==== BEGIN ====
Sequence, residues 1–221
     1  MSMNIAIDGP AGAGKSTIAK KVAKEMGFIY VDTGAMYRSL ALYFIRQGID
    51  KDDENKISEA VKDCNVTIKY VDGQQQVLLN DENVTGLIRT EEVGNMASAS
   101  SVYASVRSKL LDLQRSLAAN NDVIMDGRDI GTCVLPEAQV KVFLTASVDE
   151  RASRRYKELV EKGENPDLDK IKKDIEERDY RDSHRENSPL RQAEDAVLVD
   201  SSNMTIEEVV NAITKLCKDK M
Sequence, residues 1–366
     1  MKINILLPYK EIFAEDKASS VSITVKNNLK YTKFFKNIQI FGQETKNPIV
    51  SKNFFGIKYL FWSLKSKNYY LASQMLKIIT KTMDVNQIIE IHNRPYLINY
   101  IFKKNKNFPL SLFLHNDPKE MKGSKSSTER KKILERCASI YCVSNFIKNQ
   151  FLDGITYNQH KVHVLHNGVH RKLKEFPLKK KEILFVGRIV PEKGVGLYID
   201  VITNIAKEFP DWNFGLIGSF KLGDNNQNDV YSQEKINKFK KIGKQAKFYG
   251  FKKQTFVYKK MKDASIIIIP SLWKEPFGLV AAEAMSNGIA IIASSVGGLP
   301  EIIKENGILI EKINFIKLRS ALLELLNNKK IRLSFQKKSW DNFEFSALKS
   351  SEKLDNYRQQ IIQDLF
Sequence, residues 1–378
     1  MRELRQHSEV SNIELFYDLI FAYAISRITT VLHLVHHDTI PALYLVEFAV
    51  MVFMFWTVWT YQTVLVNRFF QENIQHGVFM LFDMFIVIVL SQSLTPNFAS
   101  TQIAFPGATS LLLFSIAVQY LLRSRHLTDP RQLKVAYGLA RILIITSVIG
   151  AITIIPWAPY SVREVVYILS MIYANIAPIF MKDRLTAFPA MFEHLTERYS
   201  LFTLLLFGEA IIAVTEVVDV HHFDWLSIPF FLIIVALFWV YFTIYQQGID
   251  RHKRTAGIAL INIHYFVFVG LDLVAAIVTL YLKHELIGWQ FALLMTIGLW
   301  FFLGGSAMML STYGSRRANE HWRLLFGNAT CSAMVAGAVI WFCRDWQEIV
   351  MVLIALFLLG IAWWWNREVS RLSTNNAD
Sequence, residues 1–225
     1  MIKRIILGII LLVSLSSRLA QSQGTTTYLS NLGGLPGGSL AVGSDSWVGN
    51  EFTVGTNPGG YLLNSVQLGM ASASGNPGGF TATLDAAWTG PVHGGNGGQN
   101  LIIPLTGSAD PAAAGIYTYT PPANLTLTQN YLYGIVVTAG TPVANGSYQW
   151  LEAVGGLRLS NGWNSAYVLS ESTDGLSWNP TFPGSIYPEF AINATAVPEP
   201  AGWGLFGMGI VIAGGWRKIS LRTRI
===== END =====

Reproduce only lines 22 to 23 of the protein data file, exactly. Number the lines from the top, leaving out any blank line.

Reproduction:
   251  RHKRTAGIAL INIHYFVFVG LDLVAAIVTL YLKHELIGWQ FALLMTIGLW
   301  FFLGGSAMML STYGSRRANE HWRLLFGNAT CSAMVAGAVI WFCRDWQEIV